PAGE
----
After the hay is cut, it is left lying in the field until it is dried enough to be stored. Too green, and the hay will rot or sometimes even heat and catch fire spontaneously (this is particularly unfortunate if it happens in a barn) when stored. The first step is to collect the hay into windrows so it could be easily picked up. A hay rake is just what the name implies. The hay rake is a wide device with two high wheels pulled by a team of horses. Between the wheels is a bar holding closely spaced steel teeth. The teeth are bent in a semicircle about three feet across. The bar pivots, either holding the ends of the teeth dragging almost parallel to the ground to rake up the hay, or raising to dump the accumulated hay in a bunch. The operator rides on a seat on the rake guiding the horses, and pressing a foot pedal down to hold the rake teeth in contact with the ground. The teeth rise up when the pedal is released, and the operator completes raising the teeth by pushing a lever down to dump the hay. About twenty acres a day could be raked with a two-horse team.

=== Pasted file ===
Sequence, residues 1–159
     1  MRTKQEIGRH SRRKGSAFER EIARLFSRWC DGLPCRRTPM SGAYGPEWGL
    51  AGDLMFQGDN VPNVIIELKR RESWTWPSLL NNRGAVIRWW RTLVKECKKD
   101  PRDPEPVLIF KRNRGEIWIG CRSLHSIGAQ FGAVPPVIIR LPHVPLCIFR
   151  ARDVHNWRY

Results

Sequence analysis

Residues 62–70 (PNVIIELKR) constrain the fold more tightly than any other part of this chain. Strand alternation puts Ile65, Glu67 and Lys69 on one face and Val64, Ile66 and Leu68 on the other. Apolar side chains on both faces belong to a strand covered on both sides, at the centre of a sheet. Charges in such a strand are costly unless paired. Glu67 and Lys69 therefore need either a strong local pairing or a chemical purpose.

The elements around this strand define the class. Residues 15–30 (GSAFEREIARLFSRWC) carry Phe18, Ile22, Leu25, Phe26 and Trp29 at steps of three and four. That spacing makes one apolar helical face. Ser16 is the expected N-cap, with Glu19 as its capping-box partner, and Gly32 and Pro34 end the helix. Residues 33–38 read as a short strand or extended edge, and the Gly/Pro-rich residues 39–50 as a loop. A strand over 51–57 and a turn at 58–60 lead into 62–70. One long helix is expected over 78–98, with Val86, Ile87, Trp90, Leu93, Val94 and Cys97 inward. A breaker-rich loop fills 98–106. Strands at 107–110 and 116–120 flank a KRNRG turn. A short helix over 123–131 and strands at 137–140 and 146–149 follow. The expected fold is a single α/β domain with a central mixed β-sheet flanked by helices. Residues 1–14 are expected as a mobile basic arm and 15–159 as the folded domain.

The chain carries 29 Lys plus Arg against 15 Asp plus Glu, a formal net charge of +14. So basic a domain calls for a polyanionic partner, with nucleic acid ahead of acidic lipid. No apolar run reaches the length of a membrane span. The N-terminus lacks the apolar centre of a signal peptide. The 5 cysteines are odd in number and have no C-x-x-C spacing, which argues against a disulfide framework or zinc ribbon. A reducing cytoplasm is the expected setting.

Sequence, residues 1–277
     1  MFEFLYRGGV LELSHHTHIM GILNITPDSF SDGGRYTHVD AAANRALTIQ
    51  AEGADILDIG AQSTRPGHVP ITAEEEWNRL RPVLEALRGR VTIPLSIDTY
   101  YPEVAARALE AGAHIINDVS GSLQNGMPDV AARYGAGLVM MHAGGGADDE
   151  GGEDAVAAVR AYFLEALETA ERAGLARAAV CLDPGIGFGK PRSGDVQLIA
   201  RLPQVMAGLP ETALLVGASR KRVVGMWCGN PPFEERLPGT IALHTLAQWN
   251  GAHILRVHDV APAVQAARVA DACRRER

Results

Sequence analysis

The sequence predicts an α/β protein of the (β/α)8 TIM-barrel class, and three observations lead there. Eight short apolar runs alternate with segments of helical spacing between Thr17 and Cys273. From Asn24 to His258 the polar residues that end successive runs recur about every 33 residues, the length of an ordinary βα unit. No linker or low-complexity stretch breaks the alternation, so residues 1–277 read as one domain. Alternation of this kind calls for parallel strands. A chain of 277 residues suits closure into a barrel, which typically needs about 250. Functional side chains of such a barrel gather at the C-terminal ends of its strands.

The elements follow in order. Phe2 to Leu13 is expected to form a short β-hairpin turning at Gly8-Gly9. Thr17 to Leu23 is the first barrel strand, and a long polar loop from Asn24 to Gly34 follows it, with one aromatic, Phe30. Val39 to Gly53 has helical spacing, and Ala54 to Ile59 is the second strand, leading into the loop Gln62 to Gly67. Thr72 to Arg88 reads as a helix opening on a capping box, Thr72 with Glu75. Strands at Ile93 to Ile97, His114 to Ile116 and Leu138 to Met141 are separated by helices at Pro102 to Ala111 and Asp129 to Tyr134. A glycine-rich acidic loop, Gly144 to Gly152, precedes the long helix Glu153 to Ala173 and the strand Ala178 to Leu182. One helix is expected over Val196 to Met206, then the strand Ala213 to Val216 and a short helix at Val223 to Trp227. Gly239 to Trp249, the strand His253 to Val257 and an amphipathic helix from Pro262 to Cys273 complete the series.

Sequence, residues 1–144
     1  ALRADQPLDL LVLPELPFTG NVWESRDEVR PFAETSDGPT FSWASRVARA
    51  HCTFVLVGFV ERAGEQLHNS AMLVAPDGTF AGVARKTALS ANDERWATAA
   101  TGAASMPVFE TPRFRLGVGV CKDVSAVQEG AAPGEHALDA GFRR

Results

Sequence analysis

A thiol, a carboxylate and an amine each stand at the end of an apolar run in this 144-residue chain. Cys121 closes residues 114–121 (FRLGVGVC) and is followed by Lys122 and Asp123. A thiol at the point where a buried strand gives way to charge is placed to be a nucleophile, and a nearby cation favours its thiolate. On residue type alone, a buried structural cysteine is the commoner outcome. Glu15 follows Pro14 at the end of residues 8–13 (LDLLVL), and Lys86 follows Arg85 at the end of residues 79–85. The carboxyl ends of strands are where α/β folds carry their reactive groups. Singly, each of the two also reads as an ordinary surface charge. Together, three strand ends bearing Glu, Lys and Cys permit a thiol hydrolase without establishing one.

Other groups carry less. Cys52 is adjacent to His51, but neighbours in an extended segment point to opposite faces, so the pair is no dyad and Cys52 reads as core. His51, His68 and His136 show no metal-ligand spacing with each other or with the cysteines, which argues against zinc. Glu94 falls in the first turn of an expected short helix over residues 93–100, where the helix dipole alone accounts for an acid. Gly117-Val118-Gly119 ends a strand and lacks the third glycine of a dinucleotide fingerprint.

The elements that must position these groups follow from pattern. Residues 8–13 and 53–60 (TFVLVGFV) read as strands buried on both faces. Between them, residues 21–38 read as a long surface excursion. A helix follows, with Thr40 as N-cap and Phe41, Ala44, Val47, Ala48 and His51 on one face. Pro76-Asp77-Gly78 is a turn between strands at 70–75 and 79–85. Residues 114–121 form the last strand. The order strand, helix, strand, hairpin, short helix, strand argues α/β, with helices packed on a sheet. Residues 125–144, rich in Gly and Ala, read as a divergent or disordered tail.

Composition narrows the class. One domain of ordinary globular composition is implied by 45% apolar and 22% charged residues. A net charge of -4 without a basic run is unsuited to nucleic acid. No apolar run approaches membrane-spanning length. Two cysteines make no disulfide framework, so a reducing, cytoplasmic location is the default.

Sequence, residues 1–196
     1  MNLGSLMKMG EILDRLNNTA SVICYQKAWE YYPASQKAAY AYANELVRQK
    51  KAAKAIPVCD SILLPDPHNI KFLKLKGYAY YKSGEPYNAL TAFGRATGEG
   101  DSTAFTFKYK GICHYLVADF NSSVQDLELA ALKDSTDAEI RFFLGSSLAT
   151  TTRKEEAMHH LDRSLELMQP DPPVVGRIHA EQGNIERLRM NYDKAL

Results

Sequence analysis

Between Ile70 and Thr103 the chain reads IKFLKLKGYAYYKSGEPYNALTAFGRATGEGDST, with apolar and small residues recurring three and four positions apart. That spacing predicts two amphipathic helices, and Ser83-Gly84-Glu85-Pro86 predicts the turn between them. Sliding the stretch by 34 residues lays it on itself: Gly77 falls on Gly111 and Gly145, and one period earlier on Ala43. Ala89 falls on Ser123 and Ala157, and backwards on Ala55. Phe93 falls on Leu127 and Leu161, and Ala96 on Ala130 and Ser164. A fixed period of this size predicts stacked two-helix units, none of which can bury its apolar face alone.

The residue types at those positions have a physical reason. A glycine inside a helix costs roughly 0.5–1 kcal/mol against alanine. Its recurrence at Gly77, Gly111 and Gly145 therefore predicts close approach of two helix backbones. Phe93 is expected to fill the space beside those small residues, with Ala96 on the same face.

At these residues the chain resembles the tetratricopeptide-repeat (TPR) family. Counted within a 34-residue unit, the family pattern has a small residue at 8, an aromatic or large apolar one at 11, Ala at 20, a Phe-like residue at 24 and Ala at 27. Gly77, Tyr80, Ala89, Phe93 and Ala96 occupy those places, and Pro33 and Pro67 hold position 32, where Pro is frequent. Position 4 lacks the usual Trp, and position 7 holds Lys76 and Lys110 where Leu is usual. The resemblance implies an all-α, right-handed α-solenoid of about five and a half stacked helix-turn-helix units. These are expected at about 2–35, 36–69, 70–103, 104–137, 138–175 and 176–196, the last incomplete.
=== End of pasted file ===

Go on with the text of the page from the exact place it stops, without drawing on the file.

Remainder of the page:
The Museum has an example of a typical hay rake. It is older and built partially of wood. No information is available about the manufacturer as any manufacturer’s name has either rubbed off or faded.
Miller, Lynn R. Work Horse Handbook. Small Farmer’s Journal, Inc. 1981.
Telleen, Maurice. The Draft Horse Primer. Rodale Press. 1977.
By Don McCollor. October 2022
Photos by Linda Westrom